Most of our members, supporters and staff are fishermen, but we are not a fishing organization. 

We simply love wild trout and the rivers they live in; the trout are an indicator that much in and around the river is well. We want to make sure that trout and all that they stand for are there for future generations.” 

respect, lots. in one of the more informative articles i’ve seen on our slimy friends, you’ll find a short selection below. enjoy !

Pyrenees brown TLC 7-6-13

8. Trout have teeth on the roof of the mouth, called vomerine teeth, and this helps to distinguish trout from salmon. In trout the teeth are a strong double row; in adult salmon in freshwater, they are small and a single row or absent.

89.   Very acidic water  – pH 3.5 – can  cause S. trutta eggs to die within ten days

25.   A Trout can look and focus out of both corners of each eye simultaneously meaning that it can see in almost every direction at once.

67.   The natural range of Salmo trutta extends from Iceland to the Atlas mountains in North Africa and from Ireland to the Ural Mountains and the Caspian sea. Since the late 19th century, the species has been widely introduced beyond this range by man.

13.       The majority of trout die before their first birthday. Mortality rates in their first year of life are typically 95% or greater, falling to around 40 – 60% in subsequent years.

dead baby brown TLC 7-6-13

3.  Brown trout have between 38 and 42 pairs of chromosomes. Humans have only 23 pairs.

and you’ll have guessed, my favorite !

38.   Trout don’t laugh when they’re being tickled!

for 93 more, click HERE

Wye Brown Gathering 2013 TLC 7-6-13trout images: Marc Fauvet/TheLimpCobra

Casting a Voice

from Barbless Fly Media filmed by Dimitri Gammer

i could sit here for hours and attempt to explain why you, me, we, anybody should get involved in this or any other conservation project around the world but that doesn’t work, the call has to come from within and not from some guy on the other side of the planet. here’s hoping this video might wake up that call.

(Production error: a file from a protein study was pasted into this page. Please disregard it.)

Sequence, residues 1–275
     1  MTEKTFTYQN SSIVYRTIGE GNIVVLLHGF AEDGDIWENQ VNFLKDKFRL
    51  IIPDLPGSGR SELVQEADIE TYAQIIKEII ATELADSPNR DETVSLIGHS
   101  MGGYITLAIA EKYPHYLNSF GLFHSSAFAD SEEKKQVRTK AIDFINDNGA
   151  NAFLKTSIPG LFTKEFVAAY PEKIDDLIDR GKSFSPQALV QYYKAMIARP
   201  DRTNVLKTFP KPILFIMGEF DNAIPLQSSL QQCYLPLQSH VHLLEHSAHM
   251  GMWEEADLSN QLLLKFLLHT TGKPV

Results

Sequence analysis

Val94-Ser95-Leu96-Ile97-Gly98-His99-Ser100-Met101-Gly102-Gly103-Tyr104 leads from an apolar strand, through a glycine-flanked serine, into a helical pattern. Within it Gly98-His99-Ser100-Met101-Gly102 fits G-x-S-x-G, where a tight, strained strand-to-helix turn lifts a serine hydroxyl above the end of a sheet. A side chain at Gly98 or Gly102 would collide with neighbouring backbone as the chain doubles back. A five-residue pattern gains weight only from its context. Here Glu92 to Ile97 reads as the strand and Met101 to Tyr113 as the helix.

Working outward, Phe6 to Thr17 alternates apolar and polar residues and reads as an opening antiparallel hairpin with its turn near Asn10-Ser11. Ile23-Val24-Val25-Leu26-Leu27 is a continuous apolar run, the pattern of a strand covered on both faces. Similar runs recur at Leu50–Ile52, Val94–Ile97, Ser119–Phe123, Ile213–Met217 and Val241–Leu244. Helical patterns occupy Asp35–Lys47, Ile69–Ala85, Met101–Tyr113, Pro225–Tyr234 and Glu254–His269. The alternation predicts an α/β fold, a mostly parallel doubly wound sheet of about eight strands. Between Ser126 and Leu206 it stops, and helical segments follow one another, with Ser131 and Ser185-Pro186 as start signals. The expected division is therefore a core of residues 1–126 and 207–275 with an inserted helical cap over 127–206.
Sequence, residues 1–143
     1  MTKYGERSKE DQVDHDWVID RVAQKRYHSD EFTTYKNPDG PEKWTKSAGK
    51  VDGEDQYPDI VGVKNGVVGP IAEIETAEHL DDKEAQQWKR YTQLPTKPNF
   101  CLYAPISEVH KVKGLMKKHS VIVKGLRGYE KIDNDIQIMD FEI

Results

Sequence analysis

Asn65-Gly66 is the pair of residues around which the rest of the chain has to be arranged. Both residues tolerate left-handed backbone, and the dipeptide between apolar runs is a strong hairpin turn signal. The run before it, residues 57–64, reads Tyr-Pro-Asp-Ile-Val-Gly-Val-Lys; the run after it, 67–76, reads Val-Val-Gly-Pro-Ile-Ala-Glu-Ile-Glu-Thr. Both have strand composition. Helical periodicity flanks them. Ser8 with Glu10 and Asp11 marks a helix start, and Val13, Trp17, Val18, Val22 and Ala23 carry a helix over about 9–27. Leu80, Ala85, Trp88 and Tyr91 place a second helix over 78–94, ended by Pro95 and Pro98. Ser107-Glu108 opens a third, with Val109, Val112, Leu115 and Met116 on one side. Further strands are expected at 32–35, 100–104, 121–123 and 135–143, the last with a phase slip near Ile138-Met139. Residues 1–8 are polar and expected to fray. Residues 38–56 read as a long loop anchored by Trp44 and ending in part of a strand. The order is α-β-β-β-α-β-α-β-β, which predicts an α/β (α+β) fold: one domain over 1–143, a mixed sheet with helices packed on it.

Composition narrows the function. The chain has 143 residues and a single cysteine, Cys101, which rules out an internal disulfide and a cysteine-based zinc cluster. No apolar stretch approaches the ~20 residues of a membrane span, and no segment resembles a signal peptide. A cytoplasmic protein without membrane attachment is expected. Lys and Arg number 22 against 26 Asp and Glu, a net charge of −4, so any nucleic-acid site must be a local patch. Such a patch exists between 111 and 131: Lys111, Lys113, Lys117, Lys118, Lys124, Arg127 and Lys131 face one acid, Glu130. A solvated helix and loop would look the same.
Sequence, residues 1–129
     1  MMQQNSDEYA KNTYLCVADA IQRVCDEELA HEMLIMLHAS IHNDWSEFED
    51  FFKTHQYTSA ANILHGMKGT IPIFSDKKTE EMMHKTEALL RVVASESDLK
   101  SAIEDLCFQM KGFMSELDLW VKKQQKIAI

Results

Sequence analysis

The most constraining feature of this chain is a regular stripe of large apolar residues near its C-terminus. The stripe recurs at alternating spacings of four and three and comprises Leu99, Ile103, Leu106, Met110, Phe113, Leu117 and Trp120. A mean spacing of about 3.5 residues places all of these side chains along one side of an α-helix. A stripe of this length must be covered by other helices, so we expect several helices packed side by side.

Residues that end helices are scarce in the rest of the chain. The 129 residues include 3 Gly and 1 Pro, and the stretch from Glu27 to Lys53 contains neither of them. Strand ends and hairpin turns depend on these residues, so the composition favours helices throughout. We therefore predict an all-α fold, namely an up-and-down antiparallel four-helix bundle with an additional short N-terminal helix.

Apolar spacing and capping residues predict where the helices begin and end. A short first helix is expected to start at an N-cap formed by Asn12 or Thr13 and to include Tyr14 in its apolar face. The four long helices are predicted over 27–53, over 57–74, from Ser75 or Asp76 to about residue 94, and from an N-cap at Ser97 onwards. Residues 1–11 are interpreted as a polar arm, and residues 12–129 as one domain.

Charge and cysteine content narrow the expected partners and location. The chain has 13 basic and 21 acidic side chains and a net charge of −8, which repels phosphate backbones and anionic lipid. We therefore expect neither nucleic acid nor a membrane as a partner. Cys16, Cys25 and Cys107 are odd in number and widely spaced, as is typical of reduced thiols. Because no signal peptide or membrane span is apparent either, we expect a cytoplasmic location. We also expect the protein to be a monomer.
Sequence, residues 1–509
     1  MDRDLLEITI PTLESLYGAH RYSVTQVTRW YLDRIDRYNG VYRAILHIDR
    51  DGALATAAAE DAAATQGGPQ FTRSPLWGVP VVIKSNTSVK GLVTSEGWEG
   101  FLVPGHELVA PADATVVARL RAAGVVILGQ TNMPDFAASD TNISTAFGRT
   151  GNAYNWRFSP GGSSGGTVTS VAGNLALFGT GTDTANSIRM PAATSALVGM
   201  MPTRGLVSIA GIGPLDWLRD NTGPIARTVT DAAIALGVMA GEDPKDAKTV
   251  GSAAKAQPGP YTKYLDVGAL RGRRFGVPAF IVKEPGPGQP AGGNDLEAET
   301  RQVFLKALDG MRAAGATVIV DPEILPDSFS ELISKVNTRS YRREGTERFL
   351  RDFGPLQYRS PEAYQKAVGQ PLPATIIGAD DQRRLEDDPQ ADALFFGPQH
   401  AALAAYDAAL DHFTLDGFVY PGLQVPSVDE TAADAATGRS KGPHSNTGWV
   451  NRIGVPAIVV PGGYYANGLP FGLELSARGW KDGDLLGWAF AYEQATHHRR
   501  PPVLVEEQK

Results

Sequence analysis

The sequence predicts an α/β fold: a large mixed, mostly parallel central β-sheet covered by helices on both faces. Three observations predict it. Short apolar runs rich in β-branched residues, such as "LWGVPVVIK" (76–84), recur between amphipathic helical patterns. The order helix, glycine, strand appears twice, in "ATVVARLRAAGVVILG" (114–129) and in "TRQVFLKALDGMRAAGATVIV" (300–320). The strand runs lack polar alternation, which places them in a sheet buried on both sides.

“Casting a Voice” is a fly fishing conservation film, using the perspective of anglers to examine the risks facing one of British Columbia’s most precious resources – wild fish. The proposed Northern Gateway pipeline project would run through some of the most abundant wild salmon and steelhead waters left on the planet. The Skeena River and its tributaries remain a rare stronghold for healthy populations of anadromous fish, while wild fish stocks have declined elsewhere.

for the love of water- Sacred Headwaters

via Patagoniavideo

“In northern British Columbia, three of the province’s greatest salmon-bearing rivers are formed in the subalpine basin known as the Sacred Headwaters. The land has one of the largest intact predator-prey systems in North America and is the traditional territory of the In northern British Columbia, three of the province’s greatest salmon-bearing rivers are formed in the subalpine basin known as the Sacred Headwaters. The land has one of the largest intact predator-prey systems in North America and is the traditional territory of the Tahltan First Nation.
The Headwaters is at the centre of a dispute between the Tahltan, resource industries, government and environmental groups. Competing interests concerning land use, mining and hunting have created divides and put the future health of the Sacred Headwaters at risk.”

since it seems we’ll be around for a little longer, maybe it’s a sign telling us we might want to help  preserve what we have left and it’s not just about fishing.
here’s a nice place to start.